Simply put, creating a better alternative to a bad and exploitive thing does not make it no longer bad or exploitive. Whether advertently or inadvertently, support of these industries by neoliberal and liberal feminists is less successful in demystifying the stigma towards individuals in the sex trade and more so successful in promotioting the commodification of individuals bodies. As well as promoting the capital interests of these industries.
But this is not at all to say that participating in the sex trade is shameful, entirely nonconsensual, or entirely unempowering to every individual. Although, we have seen from the perception of the sex trade through the neoliberal gaze not only a lack of comprehensive understanding of these industries but a lack of intersectional understanding of feminism as a whole. Having an intersectional approach to feminism is vital as feminism without intersectionality can quickly become a tool for enforcing white power.
Like I said earlier, feminism is widely recognized as “the advocacy for equality between the sexes.” What this misses however is how women can be discriminated against for various identities beyond gender. Without acknowledging this and acting according to this fact, your advocacy is not for all women but for one type of woman. This type of woman oftentimes being cisgender, heterosexual, able-bodied, upper-class, and white. When the bulk of feminist advocacy is not intersectional, it results in upholding and enforcing white power structures rather than aiding in ending the oppression faced by all women.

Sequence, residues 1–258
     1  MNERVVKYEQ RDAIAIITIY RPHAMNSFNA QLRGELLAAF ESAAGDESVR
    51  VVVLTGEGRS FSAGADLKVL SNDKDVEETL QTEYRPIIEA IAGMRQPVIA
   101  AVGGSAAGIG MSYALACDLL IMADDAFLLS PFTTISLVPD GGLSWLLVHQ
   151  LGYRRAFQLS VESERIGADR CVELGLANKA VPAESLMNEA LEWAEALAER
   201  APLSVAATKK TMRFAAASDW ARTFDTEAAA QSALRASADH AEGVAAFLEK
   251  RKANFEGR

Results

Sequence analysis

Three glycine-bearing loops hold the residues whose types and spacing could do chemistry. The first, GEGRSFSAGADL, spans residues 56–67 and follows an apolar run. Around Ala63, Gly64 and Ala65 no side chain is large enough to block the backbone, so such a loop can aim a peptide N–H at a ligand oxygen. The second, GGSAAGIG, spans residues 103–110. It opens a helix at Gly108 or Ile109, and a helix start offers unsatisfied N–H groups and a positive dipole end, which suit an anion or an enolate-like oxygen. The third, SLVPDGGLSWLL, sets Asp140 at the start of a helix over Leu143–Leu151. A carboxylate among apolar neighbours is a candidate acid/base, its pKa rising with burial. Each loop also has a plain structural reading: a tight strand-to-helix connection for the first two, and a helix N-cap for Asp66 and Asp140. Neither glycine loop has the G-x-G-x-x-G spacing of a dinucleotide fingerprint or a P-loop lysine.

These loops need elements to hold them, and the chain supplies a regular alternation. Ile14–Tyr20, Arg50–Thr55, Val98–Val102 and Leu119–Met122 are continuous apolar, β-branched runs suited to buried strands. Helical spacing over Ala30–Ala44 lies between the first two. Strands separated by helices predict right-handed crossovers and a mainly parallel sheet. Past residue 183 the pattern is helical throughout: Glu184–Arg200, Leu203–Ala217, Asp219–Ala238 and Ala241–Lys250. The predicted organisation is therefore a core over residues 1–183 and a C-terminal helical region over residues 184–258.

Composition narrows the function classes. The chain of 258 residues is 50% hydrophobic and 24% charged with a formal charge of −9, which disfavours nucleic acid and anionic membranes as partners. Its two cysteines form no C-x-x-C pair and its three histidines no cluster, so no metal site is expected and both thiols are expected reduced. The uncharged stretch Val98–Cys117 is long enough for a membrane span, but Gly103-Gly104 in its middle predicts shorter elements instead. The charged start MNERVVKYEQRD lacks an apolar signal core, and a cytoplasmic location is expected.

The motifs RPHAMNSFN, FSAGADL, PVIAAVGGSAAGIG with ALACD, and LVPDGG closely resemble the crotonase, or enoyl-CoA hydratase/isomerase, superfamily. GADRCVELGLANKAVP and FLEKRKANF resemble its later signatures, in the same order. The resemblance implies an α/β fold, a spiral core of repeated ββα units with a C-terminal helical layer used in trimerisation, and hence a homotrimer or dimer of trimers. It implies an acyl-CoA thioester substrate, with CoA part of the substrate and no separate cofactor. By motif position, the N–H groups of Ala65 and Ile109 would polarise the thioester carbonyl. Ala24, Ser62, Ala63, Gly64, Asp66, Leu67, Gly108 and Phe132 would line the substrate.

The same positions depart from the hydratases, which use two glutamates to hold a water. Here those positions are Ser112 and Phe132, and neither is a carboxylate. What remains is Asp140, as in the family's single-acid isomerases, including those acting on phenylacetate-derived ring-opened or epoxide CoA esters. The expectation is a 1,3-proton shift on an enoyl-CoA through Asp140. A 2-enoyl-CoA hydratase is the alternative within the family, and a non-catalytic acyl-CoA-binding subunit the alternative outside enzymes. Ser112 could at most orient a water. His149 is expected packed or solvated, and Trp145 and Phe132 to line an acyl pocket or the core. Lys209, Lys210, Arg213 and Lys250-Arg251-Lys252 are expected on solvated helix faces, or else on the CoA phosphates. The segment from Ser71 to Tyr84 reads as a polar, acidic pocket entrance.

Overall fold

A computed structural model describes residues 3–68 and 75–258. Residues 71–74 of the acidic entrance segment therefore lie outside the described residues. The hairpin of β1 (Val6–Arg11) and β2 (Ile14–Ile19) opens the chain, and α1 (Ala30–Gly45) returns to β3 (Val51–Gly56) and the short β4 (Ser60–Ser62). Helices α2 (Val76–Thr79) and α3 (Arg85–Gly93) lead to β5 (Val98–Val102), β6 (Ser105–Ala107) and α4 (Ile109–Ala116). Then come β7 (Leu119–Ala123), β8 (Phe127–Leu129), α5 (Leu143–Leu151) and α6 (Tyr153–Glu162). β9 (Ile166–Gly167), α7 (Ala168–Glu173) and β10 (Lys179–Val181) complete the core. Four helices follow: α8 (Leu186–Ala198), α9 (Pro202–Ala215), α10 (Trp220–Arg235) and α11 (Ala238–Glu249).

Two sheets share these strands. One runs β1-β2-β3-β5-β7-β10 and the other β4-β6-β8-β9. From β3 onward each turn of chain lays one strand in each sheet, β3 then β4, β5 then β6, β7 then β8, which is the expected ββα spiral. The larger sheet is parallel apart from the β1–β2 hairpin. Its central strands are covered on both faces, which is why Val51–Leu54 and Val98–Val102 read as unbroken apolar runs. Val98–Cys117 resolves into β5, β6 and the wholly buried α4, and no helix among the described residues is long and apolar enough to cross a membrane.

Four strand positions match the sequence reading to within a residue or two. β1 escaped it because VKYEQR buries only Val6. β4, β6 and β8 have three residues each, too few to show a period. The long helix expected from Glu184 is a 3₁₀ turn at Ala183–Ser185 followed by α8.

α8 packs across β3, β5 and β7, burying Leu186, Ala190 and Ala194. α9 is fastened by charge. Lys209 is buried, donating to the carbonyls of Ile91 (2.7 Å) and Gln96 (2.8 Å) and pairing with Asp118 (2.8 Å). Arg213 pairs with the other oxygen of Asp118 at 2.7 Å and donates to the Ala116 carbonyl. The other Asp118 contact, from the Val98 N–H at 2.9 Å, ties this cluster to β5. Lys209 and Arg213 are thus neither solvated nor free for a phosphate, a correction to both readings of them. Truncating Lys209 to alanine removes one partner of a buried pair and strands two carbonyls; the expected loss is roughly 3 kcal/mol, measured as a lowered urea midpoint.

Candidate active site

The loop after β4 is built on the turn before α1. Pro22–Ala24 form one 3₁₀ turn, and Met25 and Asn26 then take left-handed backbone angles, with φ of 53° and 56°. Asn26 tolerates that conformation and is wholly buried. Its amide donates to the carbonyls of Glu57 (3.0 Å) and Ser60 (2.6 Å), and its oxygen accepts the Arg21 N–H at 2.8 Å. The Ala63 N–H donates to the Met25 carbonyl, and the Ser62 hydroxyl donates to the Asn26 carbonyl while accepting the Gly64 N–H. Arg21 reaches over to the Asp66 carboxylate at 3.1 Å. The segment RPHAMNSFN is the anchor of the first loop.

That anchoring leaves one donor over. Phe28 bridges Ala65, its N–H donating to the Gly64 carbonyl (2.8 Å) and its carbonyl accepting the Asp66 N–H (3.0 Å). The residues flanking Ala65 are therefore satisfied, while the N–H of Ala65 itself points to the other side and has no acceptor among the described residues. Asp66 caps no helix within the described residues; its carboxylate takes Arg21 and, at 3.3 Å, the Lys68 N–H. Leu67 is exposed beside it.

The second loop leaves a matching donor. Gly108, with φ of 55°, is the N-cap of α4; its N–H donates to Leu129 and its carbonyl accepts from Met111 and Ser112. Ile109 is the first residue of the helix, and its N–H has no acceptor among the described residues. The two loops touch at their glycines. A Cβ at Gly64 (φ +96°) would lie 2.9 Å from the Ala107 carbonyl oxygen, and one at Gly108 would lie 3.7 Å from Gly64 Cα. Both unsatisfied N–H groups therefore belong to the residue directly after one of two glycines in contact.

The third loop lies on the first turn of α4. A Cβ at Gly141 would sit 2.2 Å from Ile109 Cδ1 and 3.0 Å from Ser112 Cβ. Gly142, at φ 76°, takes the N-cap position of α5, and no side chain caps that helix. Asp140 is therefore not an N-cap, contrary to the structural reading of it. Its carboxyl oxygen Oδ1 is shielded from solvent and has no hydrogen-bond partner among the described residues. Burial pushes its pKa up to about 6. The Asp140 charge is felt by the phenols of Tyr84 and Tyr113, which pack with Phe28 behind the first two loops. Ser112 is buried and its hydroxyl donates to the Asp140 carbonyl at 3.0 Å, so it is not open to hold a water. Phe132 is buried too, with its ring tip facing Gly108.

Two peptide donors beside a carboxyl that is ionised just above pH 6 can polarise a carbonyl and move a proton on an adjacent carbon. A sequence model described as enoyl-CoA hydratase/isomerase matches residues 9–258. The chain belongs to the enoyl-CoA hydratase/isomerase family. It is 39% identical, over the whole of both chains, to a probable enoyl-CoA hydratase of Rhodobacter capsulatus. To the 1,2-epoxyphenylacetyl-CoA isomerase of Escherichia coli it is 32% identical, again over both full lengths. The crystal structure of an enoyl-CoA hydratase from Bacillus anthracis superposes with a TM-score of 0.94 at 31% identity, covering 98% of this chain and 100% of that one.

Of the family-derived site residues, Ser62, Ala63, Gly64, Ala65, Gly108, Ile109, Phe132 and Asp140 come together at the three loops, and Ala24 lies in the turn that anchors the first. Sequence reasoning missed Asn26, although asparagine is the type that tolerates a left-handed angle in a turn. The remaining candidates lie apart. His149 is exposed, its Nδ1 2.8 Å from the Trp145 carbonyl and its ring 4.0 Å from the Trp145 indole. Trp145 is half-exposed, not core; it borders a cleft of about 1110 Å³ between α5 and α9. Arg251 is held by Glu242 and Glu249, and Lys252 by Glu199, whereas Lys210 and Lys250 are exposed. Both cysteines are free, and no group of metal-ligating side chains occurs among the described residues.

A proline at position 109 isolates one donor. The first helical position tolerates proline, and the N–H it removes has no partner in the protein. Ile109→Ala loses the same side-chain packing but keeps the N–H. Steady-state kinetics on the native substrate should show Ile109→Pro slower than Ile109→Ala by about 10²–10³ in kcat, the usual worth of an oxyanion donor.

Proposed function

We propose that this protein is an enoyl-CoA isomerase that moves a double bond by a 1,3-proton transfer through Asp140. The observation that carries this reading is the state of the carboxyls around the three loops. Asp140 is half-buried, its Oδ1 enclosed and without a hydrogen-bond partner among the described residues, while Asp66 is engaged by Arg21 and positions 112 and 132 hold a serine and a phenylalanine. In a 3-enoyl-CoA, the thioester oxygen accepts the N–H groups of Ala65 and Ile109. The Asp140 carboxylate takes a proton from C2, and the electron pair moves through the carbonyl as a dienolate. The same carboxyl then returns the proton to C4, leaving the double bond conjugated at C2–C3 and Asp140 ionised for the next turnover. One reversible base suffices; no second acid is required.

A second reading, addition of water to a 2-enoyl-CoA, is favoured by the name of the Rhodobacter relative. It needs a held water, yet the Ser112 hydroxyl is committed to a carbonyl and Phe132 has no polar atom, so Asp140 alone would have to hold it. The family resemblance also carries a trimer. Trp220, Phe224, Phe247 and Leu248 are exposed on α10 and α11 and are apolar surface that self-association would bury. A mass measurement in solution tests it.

Through the advocacy of “white feminism” as it is commonly referred to and neoliberal feminism, the oppression of proletarian women persists. In a lot of ways, neoliberal feminism and white feminism go hand in hand to perpetuate oppression. But how can intersectional feminism work to alleviate and even eradicate these forms of oppression? By viewing feminism through an intersectional lens and understanding how someone may be discriminated against because of various identities, we can begin to understand that feminism is not and can not be just one thing. There is no one solution to the inequalities women face, but by pushing forward the voices that experience these overlapping modes of discrimination, recognizing the historical context associated with these issues, recognizing how these marginalized groups are at the highest risk for experiencing natural disasters, health issues, poverty, gender-based violence, etc, and looking at how our system reproduces these inequalities can help us approach these issues in a way that can actually create positive change.